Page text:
The Importance Of Tragedy In Hamlet

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Hamlet is a revenge tragedy which focuses primarily on Hamlet’s desire and attempt to avenge his father’s death. Prince Hamlet, the protagonist of the play, is mourning the loss of his father and bitterly regretting that his mother, Queen Gertrude, has married his uncle Claudius. The ghost of his father appears to reveal that he has been murdered by Claudius and urges him to take revenge. The play essentially centers in the character of Hamlet himself. As a prince of Denmark, he acts the part of madness with power; however, he is so often indecisive and hesitant; his weaknesses are too apparent as he avenges his father’s death. During his quest for revenge, he has difficulty to make decision but he learns how to deal with the contradiction…show more content…
Hamlet cannot forget his father. “For they are actions that a man might play, /But I have that within which passes show- /These but the trappings and the suits of woe” (1089). He displays all the moods of grief because he feels sorrow about his father’s death. He has portrayed as a very sensitive and melancholy man at the beginning. However, the ghost performs an important dramatic function that brings Hamlet motivation to find out the truth and to revenge. In “Death and the End of Testimony: Trauma Theory in Shakespeare’s Hamlet,” Lorna Mellon believes that “The primary motivator for much of the play’s action lies in the eerie scene where the ghost recalls Claudius’s rancorous actions against him and orders Hamlet to avenge his father’s murder by King Claudius”(118). For Hamlet to avenge his father’s murder, he must also become the…show more content…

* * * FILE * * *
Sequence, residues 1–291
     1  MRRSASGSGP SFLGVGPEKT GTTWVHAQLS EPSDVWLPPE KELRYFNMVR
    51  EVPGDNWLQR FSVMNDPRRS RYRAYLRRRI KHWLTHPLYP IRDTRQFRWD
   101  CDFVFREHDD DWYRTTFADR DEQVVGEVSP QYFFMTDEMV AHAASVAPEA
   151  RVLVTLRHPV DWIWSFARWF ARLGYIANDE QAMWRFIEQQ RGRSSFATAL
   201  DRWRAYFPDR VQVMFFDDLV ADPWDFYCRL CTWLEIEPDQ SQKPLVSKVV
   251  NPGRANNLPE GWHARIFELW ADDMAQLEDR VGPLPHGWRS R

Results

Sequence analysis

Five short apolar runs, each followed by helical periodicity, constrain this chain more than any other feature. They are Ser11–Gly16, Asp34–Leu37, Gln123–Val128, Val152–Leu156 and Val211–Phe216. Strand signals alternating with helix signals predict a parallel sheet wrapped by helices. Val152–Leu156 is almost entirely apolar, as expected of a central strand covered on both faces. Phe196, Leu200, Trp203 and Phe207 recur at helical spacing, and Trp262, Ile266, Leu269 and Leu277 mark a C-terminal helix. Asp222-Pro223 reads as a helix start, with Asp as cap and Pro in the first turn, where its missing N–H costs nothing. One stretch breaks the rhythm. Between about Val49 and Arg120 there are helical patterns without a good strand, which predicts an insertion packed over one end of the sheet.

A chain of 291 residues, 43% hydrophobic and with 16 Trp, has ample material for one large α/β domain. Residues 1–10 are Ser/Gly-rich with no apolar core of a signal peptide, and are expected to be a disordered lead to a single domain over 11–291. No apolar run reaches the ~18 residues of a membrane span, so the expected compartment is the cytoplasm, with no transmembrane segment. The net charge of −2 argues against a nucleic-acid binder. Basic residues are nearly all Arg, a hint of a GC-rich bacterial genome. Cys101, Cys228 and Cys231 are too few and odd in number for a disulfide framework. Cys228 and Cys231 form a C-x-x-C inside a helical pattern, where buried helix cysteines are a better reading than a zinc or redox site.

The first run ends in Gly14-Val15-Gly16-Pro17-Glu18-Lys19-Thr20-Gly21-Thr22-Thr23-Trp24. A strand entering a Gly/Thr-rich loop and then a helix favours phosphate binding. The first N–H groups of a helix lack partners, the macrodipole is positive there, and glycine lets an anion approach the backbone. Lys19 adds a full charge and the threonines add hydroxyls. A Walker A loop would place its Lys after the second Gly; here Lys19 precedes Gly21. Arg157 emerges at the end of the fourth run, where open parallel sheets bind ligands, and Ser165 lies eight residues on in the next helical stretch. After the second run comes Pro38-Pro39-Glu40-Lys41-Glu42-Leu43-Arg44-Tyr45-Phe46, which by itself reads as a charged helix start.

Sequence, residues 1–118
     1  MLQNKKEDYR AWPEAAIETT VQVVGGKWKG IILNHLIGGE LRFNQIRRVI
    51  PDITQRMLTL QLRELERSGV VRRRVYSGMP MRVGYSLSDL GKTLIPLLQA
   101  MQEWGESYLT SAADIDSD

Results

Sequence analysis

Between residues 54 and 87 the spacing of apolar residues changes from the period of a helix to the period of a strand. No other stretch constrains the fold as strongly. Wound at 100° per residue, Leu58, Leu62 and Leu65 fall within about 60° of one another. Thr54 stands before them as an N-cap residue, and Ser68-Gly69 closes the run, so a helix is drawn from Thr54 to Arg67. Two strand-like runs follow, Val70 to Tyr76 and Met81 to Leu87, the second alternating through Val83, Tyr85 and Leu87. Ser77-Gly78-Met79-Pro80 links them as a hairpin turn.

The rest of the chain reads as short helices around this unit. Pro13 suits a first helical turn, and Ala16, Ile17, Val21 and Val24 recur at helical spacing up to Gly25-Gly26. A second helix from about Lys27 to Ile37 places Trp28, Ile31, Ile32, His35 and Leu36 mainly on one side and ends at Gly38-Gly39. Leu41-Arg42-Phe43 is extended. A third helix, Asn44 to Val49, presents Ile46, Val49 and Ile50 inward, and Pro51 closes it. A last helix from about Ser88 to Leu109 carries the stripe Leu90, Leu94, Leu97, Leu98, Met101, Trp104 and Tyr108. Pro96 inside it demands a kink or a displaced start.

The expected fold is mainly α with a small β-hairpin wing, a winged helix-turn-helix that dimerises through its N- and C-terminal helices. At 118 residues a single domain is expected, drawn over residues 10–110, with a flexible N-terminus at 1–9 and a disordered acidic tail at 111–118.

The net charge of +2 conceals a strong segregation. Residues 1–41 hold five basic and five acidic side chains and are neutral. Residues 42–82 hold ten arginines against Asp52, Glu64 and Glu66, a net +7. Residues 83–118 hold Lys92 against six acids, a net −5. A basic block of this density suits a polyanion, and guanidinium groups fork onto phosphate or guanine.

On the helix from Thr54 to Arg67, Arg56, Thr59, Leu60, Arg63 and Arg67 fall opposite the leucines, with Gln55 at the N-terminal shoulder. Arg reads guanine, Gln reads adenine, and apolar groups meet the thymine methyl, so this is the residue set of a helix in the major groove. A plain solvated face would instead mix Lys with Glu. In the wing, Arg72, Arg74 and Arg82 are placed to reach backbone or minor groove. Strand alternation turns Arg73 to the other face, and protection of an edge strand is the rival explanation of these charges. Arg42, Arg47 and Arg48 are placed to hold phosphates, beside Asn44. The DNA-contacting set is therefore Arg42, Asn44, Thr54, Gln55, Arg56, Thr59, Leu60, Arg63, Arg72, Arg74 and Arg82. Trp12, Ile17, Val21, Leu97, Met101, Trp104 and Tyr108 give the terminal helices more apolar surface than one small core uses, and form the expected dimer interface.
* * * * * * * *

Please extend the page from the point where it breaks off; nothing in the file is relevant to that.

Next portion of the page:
Hamlet attempts to ask all dejected questions in a rational and logical way. He wonders about to live miserably or end one’s sorrow life. He is aware that the nature of his death may like a deep sleep. Then he wonders, “To sleep, perchance to dream, ay there’s the rub; / For in that sleep of death what dreams may come” (1128). The “dream” that he fears are the pains that the afterlife may bring. There is no way to be positive because he suffers from the quick marriage of his mother, the potential true case of death of his father, and the rotten state of Denmark. Hence, Hamlet is forced to question death again. The “To be or not to be” speech in the play also reveals Hamlet’s uncertainty: he has no firm belief in himself. The topic of his soliloquy is his consideration of committing suicide. Throughout the speech, Hamlet is over thinking between two extremes: life and death. In the monologue, he contemplates whether he should live and endure the pain or end his life. He also considers seeking revenge for his father’s death. If Hamlet choose to kill himself, he would no longer have to be responsible for avenging his father’s

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